Citerella v. United Illuminating Co. , 158 Conn. 600 ( 1969 )


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  • 158 Conn. 600 (1969)

    NATALIE M. CITERELLA
    v.
    THE UNITED ILLUMINATING COMPANY

    Supreme Court of Connecticut.

    Argued October 14, 1969.
    Decided December 23, 1969.

    KING, C. J., ALCORN, HOUSE, COTTER and RYAN, JS.

    William L. Hadden, with whom were Herman M. Levy and, on the brief, John K. Knott, Jr., for the appellant (plaintiff).

    William R. Murphy, with whom was Michael J. Dorney, for the appellee (defendant).

    RYAN, J.

    This is a negligence action in which the plaintiff seeks to recover for electrical burns incurred when she alighted from her automobile on a public highway and came in contact with one of the defendant's power lines which had fallen during a storm and had become attached to her car. The jury returned a verdict for the defendant, and the plaintiff has appealed to this court.

    In her complaint the plaintiff alleged that on September 12, 1960, at about 4 p.m. while operating her *602 automobile on Silver Sands Road in the town of East Haven, her car was snagged by a fallen street light wire owned and controlled by the defendant; that as she attempted to leave her car she sustained electric shocks and burns from the electricity carried by the wire; that her injuries were caused by the negligence of the defendant in that it failed to inspect properly trees growing near its wires; that it failed to remove or reinforce branches of such trees when it knew or should have known that large tree branches were in a condition which would cause them to fall during a windstorm; that it failed to inspect properly the insulation of its live wires; that it permitted high-voltage wires to be near lower-voltage wires without properly insulating them and preventing such wires from coming together; that, when it knew or should have known that its wires were in a condition of disrepair, it failed to repair their insulation; that, after notice that the wire which injured the plaintiff had fallen, it failed to shut off the power in this wire or to safeguard it within a reasonable period of time; that, after knowledge of the approach of a windstorm, it failed to take prompt action for the protection of travelers on the highway; that, when it knew or should have known of the likelihood of branches falling in the vicinity of the present accident, it failed to warn travelers or to take any measures to protect them; that it did not observe the ordinary standards of care of a company engaged in the distribution of electricity; and that it failed to observe the standards of care of § 2.02, a regulation of the public utilities commission effective September 17, 1959. See Code of Electrical Standards and Specifications, P.U.C. Docket No. 9000.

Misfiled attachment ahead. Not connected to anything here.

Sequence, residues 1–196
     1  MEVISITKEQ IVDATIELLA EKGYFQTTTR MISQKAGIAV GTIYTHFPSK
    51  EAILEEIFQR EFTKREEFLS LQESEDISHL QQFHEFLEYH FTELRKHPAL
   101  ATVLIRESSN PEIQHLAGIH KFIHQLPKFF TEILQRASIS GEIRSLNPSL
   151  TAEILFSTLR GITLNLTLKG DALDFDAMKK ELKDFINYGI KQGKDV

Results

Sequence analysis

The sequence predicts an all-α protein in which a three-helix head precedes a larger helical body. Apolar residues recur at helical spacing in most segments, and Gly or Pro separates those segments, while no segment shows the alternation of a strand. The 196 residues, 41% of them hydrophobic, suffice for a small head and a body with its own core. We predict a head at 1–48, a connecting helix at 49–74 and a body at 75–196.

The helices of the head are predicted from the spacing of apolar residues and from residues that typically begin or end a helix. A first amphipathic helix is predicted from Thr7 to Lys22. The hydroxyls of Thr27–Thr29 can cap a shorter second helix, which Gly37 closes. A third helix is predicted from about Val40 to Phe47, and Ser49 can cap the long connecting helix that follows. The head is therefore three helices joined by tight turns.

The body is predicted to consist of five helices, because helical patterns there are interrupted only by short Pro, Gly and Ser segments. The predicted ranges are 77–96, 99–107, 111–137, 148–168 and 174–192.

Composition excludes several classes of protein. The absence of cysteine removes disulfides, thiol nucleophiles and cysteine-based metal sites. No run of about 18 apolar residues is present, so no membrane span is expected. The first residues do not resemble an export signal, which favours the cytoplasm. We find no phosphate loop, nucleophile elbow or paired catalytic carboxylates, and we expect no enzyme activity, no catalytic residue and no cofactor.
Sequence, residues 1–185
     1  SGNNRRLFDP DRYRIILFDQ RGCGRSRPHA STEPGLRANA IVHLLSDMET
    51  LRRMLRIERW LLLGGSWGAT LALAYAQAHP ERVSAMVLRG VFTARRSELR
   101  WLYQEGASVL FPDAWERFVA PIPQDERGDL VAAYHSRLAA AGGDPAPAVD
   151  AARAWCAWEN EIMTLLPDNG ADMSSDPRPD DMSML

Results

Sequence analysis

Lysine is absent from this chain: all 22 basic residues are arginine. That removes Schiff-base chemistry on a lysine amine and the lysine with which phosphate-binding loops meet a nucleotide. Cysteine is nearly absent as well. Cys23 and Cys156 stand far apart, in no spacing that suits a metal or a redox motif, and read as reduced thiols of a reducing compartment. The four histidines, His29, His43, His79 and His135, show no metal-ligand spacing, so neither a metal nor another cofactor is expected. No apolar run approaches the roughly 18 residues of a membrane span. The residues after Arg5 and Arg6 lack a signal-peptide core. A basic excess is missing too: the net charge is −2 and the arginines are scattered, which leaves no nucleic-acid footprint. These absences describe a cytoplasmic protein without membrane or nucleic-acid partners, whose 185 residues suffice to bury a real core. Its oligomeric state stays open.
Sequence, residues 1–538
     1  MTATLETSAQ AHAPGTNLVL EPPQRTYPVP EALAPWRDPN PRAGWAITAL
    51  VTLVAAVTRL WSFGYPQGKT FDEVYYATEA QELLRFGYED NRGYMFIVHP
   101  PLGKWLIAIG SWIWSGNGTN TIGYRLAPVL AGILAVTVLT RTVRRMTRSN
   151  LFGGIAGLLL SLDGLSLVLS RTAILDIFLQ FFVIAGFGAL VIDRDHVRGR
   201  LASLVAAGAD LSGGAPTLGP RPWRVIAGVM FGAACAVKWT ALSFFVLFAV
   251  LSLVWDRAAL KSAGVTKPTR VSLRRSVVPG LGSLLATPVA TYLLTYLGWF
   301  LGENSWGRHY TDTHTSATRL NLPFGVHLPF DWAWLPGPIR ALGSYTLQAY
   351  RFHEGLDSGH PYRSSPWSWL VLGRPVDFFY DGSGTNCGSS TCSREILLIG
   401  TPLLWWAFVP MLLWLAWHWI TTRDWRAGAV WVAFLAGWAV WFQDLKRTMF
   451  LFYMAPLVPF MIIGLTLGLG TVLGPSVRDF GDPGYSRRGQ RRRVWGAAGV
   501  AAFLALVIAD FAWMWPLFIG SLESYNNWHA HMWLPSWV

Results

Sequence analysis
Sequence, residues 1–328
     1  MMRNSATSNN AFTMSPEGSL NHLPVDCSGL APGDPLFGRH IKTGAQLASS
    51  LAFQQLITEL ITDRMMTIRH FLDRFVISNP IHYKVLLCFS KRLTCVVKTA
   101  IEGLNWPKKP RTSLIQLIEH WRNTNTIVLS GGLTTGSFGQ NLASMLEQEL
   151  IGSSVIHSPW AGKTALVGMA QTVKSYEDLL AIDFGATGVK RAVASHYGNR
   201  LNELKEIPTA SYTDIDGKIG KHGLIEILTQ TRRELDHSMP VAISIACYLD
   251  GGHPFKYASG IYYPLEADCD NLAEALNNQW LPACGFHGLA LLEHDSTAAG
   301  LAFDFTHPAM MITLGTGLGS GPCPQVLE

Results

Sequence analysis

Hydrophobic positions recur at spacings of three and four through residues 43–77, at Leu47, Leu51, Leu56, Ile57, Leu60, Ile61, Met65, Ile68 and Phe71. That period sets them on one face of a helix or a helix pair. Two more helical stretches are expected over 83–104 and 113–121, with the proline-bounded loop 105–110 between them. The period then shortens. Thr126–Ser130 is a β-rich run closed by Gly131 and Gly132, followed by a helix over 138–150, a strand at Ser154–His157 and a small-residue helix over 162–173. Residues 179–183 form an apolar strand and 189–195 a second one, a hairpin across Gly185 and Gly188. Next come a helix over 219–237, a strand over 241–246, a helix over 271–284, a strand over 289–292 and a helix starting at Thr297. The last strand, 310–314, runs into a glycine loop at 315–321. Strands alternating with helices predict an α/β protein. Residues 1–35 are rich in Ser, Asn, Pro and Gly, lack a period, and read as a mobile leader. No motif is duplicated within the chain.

The defendant denied the allegations of negligence *603 and pleaded by way of special defense that the plaintiff was chargeable with contributory negligence in that she operated her car on the highways during a hurricane when she knew or should have known that the wind was causing tree limbs and utility wires to come down and when she knew or should have known that limbs and utility wires were down in the roadway on Silver Sands Road; that she failed to keep a proper lookout for downed wires and failed to exercise reasonable care to avoid them; and that she halted her vehicle and attempted to alight therefrom when she knew or should have known that this would expose her to danger of injury. In her reply the plaintiff denied the allegations of the special defense.

    The plaintiff made the following claims of proof: On September 12, 1960, at about 4 p.m. the plaintiff was operating a car on Silver Sands Road near the intersection of Hill Street, in East Haven. Between 1:30 p.m. and 2 p.m. on that day, an energized wire maintained by the defendant was broken by a falling tree limb, and a part of that wire, still energized, was in the traveled portion of Silver Sands Road and came in contact with the plaintiff's car. The plaintiff stopped her car and attempted to alight, and when she did so she incurred severe burns caused by the wire. Prior to the fall of the limb and wire, an expert examination would have revealed that the limb was subject to breaking by a strong wind and if the limb broke and fell it was likely, because of its position, to break energized wires. At 2:15 p.m. or earlier the defendant was notified that the line was down in the area described, on Silver Sands Road, but it did nothing to remedy the condition. The storm which occurred on that day, although named "Hurricane Donna," never, in fact, *604 reached hurricane proportions at the scene of the plaintiff's accident. The highest reported gusts in the area were from fifty-three to sixty-two miles per hour. Storms designated as "hurricanes" were experienced in the area of the plaintiff's accident in 1938, 1944, 1954 and 1955.